Next up is performance test configuration. Here are some things to consider when you start to write or record (see browser recording below) your first performance test script:
- Closely related to the above, what are the most common actions users will take that involve the critical components you want to test? Logins tend to be one important part of an application. If you’re testing user journeys, consider the logical order users of your application typically follow. Don’t get caught up with trying to test everything in the first pass; focus on the most important parts first. So, skip (for now) that feature that only a handful of users use on a regular basis.
- Determine how much load you should put on your target system. If you’re testing individual components, such as API endpoints, think in terms of Requests per Second (RPS). If testing user journeys through a website or web app, such as users visiting a number of different pages or taking multiple actions, think in terms of concurrent users- we’ll simulate those concurrent users with virtual users (VUs) during the performance tests.
- Next consider the types of performance tests you need to run. Different tests will tell you different things. Here’s a test sequence that will work for most organizations when establishing a testing process: baseline test, stress test, load test, spike test (if applicable) (See this previous article to learn more about the different types of performance tests).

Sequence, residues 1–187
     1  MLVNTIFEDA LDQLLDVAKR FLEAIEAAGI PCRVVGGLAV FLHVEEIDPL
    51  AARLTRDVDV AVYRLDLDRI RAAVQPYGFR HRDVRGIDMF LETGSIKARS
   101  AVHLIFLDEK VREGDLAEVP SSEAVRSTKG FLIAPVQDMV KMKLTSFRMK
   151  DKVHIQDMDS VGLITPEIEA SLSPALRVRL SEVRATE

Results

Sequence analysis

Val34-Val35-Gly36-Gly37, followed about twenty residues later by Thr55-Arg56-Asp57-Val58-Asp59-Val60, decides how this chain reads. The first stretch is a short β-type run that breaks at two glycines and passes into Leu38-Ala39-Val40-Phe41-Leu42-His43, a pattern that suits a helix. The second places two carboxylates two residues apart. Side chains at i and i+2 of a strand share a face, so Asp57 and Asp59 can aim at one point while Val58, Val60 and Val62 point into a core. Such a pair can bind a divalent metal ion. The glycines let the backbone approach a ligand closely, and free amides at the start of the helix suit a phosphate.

- Depending on your test scenario, you may need to provide some data. Using the login example again, testing the same user logging in over and over again will usually only test how well your system can cache responses. In this case, you should import a parameterized data file with usernames and passwords to properly test the login process.
Now you’re ready to start writing your test scripts by hand or by using a browser recorder (Chrome extension) or a HAR file converter to create a test script. The browser recorder approach allows you to easily create realist user scenarios.
Figure 3: Using the Load Impact k6 Test Script Recorder for Browser Recording
It’s best to start small and then expand your test coverage. Treat writing your test scripts as you would code you are writing for your application by breaking it down into smaller, more manageable pieces. A lot of value can be found in simple tests against the most important components.
As you are writing your scripts, and before you run them on a larger scale, it’s important to run validations (smoke tests) to ensure that the test works as intended. These tests are typically run with a very low number of Virtual Users for a very short amount of time. The fastest way to do this is by running these locally with output to stdout. k6 supports local execution mode. (See how to download and install k6 here. It’s open source software, freely available on GitHub).